A. A. Bertossi, C. M. Pinotti, R. B. Tan, “Efficient use of radio spectrum in wireless networks with channel separation between close stations,” Workshop on Discrete Algorithms and Methods for MOBILE Computing and Communications and Proceedings of the 4th International Workshop on Discrete Algorithms and Methods for Mobile Computing and Communications, 2000, pp. 18-27.
[This paper equates two separate distinct coloring problems to the issue of interference. The authors investigate optimal channel assignment with a minimal number of channels. The problem requires that adjacent nodes be assigned channels that are at least 2 apart. Additionally, in order for the same channel to be used on two vertices, those vertices must be 3 apart if following the criteria for the L(2,1) coloring problem and 4 apart if following the criteria for the L(2,1,1) coloring problem. One problem formally defined in the paper is the channel assignment problem with separation (CAPS) which determines proper separation distance in order to reuse channels. The CAPS problem is known in the paper to be NP-hard for general graphs. The authors determine that, so long as a particular node in a graph knows its relative position, there is an algorithm for computing channel assignment locally which has an order of constant time for all networks except binary trees, which require logarithmic time. One open question the authors identify is solving for an optimal solution for the general graph coloring problem with arbitrary channel reuse distance.]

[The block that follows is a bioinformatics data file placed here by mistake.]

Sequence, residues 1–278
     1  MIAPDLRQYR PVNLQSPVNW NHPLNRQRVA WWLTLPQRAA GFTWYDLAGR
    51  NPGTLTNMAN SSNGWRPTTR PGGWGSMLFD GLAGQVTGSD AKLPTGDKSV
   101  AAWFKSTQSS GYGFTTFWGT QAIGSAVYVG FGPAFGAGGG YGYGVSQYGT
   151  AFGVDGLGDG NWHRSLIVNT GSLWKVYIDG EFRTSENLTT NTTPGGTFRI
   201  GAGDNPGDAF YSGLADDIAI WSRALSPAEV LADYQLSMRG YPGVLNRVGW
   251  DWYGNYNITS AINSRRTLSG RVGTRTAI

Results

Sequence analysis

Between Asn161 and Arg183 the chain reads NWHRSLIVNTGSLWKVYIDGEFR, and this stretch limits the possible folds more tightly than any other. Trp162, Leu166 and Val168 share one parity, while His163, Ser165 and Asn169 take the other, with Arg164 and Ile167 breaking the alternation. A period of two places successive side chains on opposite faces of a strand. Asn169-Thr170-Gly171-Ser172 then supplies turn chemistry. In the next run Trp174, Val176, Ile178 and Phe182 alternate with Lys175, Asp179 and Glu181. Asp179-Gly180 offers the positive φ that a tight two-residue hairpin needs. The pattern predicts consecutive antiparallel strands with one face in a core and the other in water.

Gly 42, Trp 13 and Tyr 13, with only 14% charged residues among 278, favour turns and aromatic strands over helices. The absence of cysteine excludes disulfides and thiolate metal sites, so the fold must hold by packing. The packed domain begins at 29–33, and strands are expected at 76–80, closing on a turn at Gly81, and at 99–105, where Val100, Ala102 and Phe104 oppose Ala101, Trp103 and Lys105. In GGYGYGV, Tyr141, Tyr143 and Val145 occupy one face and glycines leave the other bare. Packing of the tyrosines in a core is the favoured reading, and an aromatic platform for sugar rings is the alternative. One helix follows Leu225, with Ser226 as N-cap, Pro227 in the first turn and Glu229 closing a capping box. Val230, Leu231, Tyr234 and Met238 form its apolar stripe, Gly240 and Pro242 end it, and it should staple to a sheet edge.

K.N. Ramachandran, E. M. Belding, K.C. Almeroth, M.M. Buddhikot, “Interference-Aware Channel Assignment in Multi-Radio Wireless Mesh Networks,” Apr. 2006; http://www.cs.ucsb.edu/~ebelding/txt/infocom06.pdf.
[This recent paper addresses dynamic channel assignment in co-located and mesh wireless networks. Rather than static assignment which assigns channels to transmitters one after another without any particular regard, dynamic assignment is the process of assigning channels based on the amount of interference received at each transmitter. In order to address an arising problem of network topology alteration as a result of dynamic assignment, the authors introduce a fix by implementing a default radio channel throughout the entire network. The default channel prevents nodes from being lost or disconnected should a vital connecting node fail or undergo a channel reassignment. Through a process called link redirection, the default channel can carry both control traffic and data traffic until channels are reassigned and the connection is restored. The authors equate the channel assignment problem for mesh networks to the list coloring problem, which happens to be NP-complete. The authors are thus restricted to an approximation algorithm for channel assignment.. Their algorithm implements a breadth-first-search approach to award higher priority to the gateway nodes and assigns channels based on this priority. Subsequently, other nodes are assigned channels in decreasing levels of priority until the last nodes are reached. The authors claim an excess of 40% improvement over static channel assignment in scenarios where one source at a time sends traffic to the gateway. However, they admit that there is not substantial improvement in channel assignment in dense environments where the interference footprint is significantly larger. There is future work in improving the performance in dense settings.]